Bryce Harper has ended his 18-week free agency drama by signing a record-setting, 13-year, $330 million deal with the Philadelphia Phillies, as The Inquisitr reported. Now, the Boston Red Sox must act quickly to retain their star outfielder Mookie Betts -- the 2018 American League MVP -- who is likely to command at least $400 million when he hits the open market after the 2020 season, according to one veteran Boston baseball writer.
"It's now or probably never," wrote longtime Boston Herald columnist Michael Silverman. "For the Red Sox and their fans who want Betts to stay in Boston forever and ever, Thursday's signing of Harper does not help their case much."
Betts has put up significantly better production numbers than Harper. In 2018, Betts led the Major Leagues in the WAR (Wins Above Replacement player) statistic, which has become a standard for evaluating overall player performance. In 2018, Betts recorded a 10.8 WAR, according to Fangraphs, while Harper's number was only 3.5. In Harper's best year, his MVP season of 2015, his WAR came in at 9.3.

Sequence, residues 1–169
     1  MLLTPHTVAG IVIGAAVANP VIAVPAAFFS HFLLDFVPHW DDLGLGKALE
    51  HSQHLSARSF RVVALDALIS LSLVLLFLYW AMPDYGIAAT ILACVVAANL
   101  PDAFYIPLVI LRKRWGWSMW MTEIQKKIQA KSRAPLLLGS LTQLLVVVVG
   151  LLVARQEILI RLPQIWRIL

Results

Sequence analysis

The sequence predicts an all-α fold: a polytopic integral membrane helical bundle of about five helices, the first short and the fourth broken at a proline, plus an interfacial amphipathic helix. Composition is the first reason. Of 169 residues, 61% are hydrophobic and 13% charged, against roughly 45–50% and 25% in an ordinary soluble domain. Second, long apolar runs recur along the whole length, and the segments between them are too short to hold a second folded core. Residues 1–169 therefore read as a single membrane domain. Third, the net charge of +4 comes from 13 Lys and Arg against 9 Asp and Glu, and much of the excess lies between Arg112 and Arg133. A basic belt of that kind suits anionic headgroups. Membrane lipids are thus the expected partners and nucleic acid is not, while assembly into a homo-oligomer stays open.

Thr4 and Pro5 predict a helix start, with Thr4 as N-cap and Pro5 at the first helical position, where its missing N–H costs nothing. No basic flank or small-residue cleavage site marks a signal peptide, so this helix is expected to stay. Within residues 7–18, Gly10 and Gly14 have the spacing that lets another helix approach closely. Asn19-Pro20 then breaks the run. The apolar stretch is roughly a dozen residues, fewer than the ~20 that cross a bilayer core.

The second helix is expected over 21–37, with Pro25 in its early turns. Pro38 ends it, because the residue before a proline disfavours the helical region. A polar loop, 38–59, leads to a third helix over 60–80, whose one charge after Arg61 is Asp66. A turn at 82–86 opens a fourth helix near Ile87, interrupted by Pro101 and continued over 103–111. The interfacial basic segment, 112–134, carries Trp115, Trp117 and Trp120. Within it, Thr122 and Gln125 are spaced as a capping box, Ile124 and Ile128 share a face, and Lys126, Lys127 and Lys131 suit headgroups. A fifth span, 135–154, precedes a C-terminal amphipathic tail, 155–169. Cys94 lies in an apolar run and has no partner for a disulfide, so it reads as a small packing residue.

Since 2015, per Fangraphs, Betts ranks second in WAR -- only losing out to 2020's other top prospective free agent, Los Angeles Angels outfielder Mike Trout. Harper ranks 11th in the WAR statistic since 2015, at 20.6, when compared to 28.7 for Betts and 36.6 for Trout.
"We're talking money (for Betts) that would shatter both the Harper and (Manny) Machado deals," Silverman wrote. He added that a 10-year contract totaling at least $400 million would not "surprise" anyone in baseball when it comes to Betts' next deal, whether that's with the Red Sox or another team.
The Colorado Rockies' Nolan Arenado — the 10th-ranked overall player in terms of WAR (20.9) since 2015 — signed an eight-year extension with his team on Tuesday, valued at $32.5 million per year, per ESPN. But according to Silverman, Betts has given no indication that he is interested in inking an extension with the Red Sox, one that would keep him off of the 2020 free agent market.
But Betts has also said that the deals signed by Harper and Machado will not necessarily serve as his benchmark for what he will seek in his next contract. "We're all different players. We all have different things that are important," Betts told The Boston Globe on Thursday, after learning of Harper's deal. "I'll just continue to worry about what's going on now."
Predicting the market two years from now also presents a difficult task, making the dollar amount of Betts' next deal also tough to forecast, according to New England Sports Network commentator Mike Cole.
"There's just so much uncertainty in baseball's economic landscape," Cole wrote on Friday. "What does this mean for the Red Sox? They'd be well-suited to at least try to open extension talks with the reigning American League MVP."